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Blood. 2003 Mar 15;101(6):2285-93. Epub 2002 Nov 14.

Transcript profiling of human platelets using microarray and serial analysis of gene expression.

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  • 1Department of Medicine, Program in Genetics, State University of New York, Stony Brook 11794-8151, USA.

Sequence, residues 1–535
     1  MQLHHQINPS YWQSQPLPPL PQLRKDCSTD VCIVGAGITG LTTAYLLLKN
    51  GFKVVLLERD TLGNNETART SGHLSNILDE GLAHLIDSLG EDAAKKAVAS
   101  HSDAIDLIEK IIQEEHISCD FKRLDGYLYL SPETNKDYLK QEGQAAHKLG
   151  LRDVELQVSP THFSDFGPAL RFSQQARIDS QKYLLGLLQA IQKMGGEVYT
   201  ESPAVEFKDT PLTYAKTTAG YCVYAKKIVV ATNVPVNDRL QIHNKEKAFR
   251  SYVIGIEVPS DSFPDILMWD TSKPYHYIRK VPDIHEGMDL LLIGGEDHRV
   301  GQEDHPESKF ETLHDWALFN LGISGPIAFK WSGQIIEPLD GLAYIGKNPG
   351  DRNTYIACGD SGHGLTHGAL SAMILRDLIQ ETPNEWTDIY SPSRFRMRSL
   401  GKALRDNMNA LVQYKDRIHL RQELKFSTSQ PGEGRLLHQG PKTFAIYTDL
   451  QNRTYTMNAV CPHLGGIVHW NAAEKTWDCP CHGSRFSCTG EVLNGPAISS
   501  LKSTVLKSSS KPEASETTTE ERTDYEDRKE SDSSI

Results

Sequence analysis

Human platelets are anucleate blood cells that retain cytoplasmic mRNA and maintain functionally intact protein translational capabilities. We have adapted complementary techniques of microarray and serial analysis of gene expression (SAGE) for genetic profiling of highly purified human blood platelets. Microarray analysis using the Affymetrix HG-U95Av2 approximately 12 600-probe set maximally identified the expression of 2147 (range, 13%-17%) platelet-expressed transcripts, with approximately 22% collectively involved in metabolism and receptor/signaling, and an overrepresentation of genes with unassigned function (32%). In contrast, a modified SAGE protocol using the Type IIS restriction enzyme MmeI (generating 21-base pair [bp] or 22-bp tags) demonstrated that 89% of tags represented mitochondrial (mt) transcripts (enriched in 16S and 12S ribosomal RNAs), presumably related to persistent mt-transcription in the absence of nuclear-derived transcripts. The frequency of non-mt SAGE tags paralleled average difference values (relative expression) for the most "abundant" transcripts as determined by microarray analysis, establishing the concordance of both techniques for platelet profiling. Quantitative reverse transcription-polymerase chain reaction (PCR) confirmed the highest frequency of mt-derived transcripts, along with the mRNAs for neurogranin (NGN, a protein kinase C substrate) and the complement lysis inhibitor clusterin among the top 5 most abundant transcripts. For confirmatory characterization, immunoblots and flow cytometric analyses were performed, establishing abundant cell-surface expression of clusterin and intracellular expression of NGN. These observations demonstrate a strong correlation between high transcript abundance and protein expression, and they establish the validity of transcript analysis as a tool for identifying novel platelet proteins that may regulate normal and pathologic platelet (and/or megakaryocyte) functions.

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